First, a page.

Mid-polarity: dichloromethane,isopropanol, or ethanol (it should be noted that for some acidic extractables, ethyl-esters could form in the presence of ethanol)

Polar: pH adjusted water with or without buffer is acceptable

Solventless: highly suitable for volatiles and semi-volatiles

The extraction needs to be designed so that appropriate concentrations of the extractables can be achieved. This may require a concentration step prior to the instrumental analysis. For practical considerations, 2–5 ng of an individual analyte is desired on-column, which is translated to 2–5 µg/mL concentration for GC–MS analysis and 0.2–0.5 µg/mL concentration for LC–MS analysis.

Solventless sample preparation techniques such as solid phase microextraction (SPME) (5) and stir bar sorptive extraction (SBSE) (6) can provide high quality complimentary data for the solvent based extractions, especially when a complex drug formulation is being simulated, or the actual finished DP is used for the extractions. Solventless sample preparation allows direct analysis of the broadest range of finished drug products, as they are compatible with highly complex finished drug products formulations, and can extract targets at extremely low concentrations. When state of-the-art, highly-efficient sample preparation is combined with high resolution accurate mass (HRAM)-based mass spectrometry, a number of sample processing steps can be eliminated from the workflow, and high value information can be generated from a single analytical run.

Analytical Evaluation Threshold

In order to provide meaningful data, the analytical evaluation threshold (AET) must be calculated based on the dosage and the route of administration of the finished DP (7). For inhalation and nasal product, the AET is calculated based on the Safety Concern Threshold (SCT) of 0.15 µg/day. For other administration routes, a 1.5 µg/day SCT can be used.

For a high number of doses in a single dispensing unit, the AET will increase, and it will be easier to perform analytical testing. Inhalation products typically contain multiple days of supply in a single unit, resulting in a relatively high AET. The chemical species detected above the AET needs to be identified. If the calculated AET in the extract is below 200–500 ng/mL, a concentration step is applied to reach the desired concentration for proper analytical evaluation. The concentration step is critical, and can introduce a significant level of error to the testing, and has a high potential to lose volatile species. For example, 95% of styrene can be lost during a concentration step even when gentle flow of nitrogen is used at room temperature. The evaporation step is less critical for inhalation products where the AET is generally relatively high, but more significant for large volume parenteral (LVP) dosage forms, where the formulations are mainly aqueous, and solvent-based back extraction is commonly employed utilizing a large volume of solvent.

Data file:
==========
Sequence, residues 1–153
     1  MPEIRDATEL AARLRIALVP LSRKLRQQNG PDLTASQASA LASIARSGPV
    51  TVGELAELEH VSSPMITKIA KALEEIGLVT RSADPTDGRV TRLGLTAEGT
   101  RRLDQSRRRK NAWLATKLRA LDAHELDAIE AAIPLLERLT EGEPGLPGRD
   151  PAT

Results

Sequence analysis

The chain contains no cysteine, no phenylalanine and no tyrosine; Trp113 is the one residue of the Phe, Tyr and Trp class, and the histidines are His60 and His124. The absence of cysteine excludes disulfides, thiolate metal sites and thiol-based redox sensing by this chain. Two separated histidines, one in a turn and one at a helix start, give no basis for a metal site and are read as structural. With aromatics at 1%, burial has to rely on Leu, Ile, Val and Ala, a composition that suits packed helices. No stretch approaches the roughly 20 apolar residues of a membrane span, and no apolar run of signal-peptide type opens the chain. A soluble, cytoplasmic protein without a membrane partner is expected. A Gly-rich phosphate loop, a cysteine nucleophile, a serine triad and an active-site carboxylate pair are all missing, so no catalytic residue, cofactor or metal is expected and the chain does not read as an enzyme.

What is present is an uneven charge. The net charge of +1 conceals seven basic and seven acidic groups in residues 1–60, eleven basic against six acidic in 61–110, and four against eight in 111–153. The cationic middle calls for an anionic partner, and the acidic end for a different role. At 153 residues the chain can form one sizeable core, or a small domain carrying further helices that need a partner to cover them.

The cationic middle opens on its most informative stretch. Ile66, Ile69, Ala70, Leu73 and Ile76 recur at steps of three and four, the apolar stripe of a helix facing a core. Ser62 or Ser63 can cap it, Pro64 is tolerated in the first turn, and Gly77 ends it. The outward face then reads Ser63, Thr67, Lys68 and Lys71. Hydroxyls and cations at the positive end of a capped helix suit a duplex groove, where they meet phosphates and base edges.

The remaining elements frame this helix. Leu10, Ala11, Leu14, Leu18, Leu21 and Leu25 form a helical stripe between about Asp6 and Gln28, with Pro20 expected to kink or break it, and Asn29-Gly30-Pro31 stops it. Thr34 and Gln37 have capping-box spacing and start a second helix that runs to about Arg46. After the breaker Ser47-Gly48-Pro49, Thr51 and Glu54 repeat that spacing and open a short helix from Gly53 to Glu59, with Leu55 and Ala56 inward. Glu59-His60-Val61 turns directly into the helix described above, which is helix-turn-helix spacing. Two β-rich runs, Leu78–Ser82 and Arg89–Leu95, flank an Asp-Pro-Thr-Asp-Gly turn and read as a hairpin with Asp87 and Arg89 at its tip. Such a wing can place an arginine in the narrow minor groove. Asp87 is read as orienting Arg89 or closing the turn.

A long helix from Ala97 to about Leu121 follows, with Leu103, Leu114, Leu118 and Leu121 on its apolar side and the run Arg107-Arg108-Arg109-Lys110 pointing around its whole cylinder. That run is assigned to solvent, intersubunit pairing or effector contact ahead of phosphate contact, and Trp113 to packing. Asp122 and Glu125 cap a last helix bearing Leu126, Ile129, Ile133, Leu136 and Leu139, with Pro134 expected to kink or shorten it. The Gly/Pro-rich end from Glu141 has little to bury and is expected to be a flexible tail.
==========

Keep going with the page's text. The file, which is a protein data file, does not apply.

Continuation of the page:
Sample Preparation

The extracts can be generated by using instrument or non-instrument based techniques. USP general chapter <1663> lists 12 different types of extraction methods appropriate for extractable studies (extraction methods not listed in USP <1663> can be used if justified). The non-instrument based techniques are currently the most commonly used in the industry (including, but not limited to, Soxhlet, reflux, sonication augmented, and pressurized vessel), since they require lower capital investment. However, there can be some disadvantages:

•Extraction times can be lengthy (up to 8–48 h).

•Highly manual processes, documentation according to current good manufacturing practices (cGMP)compliance can be burdensome.

•Data integrity can be an issue in a cGMP environment for manual based extraction techniques.

To avoid those drawbacks, instrument-based extraction technologies are available on the market to perform the extractable testing. For example, one possible solution for solvent mitigated extraction is the accelerated solvent extraction (ASE) technique. The criteria for selection of this instrument-based option include the following:

  1. USP <1663> lists ASE as a possible option to perform extractable studies.
  2. ASTM D7210 also lists ASE as one of the options to extract antioxidants from polymeric matrices (8).